Ido and Efrat at their photo session before their wedding

After the photo session, the couple arrive at the venue, shortly followed by the families for the family photos before the wedding begins.

The wedding begins

On the wedding invitation you will see the time that the wedding event begins, and also the time for the ceremony (huppa). If your invitation says 7pm, most people will start arriving at 7.30, and continue to arrive for another 1.5 hours.

When you arrive you greet the bride and groom, and then dive into eating all the yummy appetizers. There are usually people walking around with trays, and also there are stations for yummy food. Wedding have amazing food in my experience, and the appetizers are the highlight!

Remember you are in Israel, and unlike in Australia or the UK where you would dive to the bar, Israelis are in no hurry to drink. It’s all about the food.

Speaking of alcohol, it is usual at Israeli weddings to have an open bar – spirits and wine and one cocktail to welcome the guests. This is pretty uncommon in Australia because it would cost a fortune (as Aussies tend to like drinking more than Israelis).

Walking down the aisle

I have seen a couple walking down the aisle alone, but more often the groom is escorted halfway down by both parents, where he waits for the bride, who also is walked to him by both her parents (no father giving the bride away!). At the spot halfway down the aisle, the bride meets the groom, who puts the veil over her face. They then continue onto the ceremony location.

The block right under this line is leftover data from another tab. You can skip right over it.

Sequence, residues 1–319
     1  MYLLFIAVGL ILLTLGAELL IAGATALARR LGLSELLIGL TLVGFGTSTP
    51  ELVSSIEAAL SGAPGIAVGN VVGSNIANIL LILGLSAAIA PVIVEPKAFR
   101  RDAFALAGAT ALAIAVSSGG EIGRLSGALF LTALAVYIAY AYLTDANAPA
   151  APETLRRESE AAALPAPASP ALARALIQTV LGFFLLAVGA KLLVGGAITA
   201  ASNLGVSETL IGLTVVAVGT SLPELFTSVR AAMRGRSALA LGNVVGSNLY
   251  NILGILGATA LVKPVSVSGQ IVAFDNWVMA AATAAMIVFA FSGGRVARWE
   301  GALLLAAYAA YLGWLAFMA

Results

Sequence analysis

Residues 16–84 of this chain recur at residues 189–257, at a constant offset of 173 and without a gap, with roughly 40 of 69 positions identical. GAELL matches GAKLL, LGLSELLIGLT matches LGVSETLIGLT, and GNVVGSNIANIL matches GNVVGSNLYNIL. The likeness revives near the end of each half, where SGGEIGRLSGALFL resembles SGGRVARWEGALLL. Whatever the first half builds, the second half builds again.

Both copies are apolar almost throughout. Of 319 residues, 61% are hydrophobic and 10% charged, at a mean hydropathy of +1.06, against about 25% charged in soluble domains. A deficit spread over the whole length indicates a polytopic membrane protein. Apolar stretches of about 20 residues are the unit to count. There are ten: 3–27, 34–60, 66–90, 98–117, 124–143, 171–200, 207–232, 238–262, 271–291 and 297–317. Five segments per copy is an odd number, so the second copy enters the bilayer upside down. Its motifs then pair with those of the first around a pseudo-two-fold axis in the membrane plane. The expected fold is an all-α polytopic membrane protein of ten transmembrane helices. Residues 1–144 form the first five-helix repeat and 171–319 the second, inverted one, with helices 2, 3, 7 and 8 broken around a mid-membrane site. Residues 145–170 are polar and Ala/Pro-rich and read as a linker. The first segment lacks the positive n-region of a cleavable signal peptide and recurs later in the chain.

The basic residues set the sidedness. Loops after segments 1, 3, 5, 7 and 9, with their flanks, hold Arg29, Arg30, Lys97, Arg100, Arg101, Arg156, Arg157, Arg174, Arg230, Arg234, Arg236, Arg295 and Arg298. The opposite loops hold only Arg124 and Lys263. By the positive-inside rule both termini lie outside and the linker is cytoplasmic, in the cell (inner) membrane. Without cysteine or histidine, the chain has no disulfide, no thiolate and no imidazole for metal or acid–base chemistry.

Ido putting the veil over Efrat. Photo by Digital Closeup

 

The ceremony

The ceremony and its location is called the Huppa (said hoop-a). It is held under a white canopy, often held up by 4 male family members holding each post. Under the Huppa you have the bride and grooms family, the bride and groom, and the Rabbi. The ceremony is then conducted by the Rabbi. This is where I get a bit lost because the ceremony is conducted in Hebrew, with many traditional prayers and blessings.

The Huppa. Photo by Digital Closeup

 

Key parts of the ceremony include:

Blessing the wine, the bride and groom drinking from the same cup. Photo by Digital Closeup
Exchanging the Ktuba – the wedding contract, which states how much money the groom is paying for the bride?? The Ktuba is signed before the ceremony with the Rabbi and the men of the families. Photo by Digital Closeup
The groom putting the ring on the bride’s finger (on her pointing finger, not her ring finger, where she puts it later). Photo by Digital Closeup
And to end it all, the groom smashes a glass! (a glass that is wrapped in aluminium foil so you don’t get glass everywhere). Photo by Digital Closeup

This is my take on a ceremony that I don’t quite understand – for more details check it out here: Ceremony: Jewish Wedding Rituals.